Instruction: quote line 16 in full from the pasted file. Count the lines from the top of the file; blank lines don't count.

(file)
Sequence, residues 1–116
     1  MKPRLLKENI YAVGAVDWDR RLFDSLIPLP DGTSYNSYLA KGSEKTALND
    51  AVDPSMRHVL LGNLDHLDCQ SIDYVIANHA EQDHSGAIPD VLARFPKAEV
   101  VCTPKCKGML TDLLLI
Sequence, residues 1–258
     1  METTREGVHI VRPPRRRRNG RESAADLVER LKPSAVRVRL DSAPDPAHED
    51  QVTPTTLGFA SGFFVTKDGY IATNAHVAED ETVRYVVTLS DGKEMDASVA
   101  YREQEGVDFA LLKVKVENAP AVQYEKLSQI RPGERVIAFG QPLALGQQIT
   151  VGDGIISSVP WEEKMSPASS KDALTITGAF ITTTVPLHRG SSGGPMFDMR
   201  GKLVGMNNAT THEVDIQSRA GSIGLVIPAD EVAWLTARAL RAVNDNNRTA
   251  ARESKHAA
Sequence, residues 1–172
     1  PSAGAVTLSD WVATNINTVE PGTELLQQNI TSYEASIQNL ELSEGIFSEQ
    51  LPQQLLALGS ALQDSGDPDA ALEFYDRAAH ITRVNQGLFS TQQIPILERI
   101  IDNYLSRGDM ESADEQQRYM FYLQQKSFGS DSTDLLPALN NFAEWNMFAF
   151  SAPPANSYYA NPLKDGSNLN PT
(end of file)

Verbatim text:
   151  SAPPANSYYA NPLKDGSNLN PT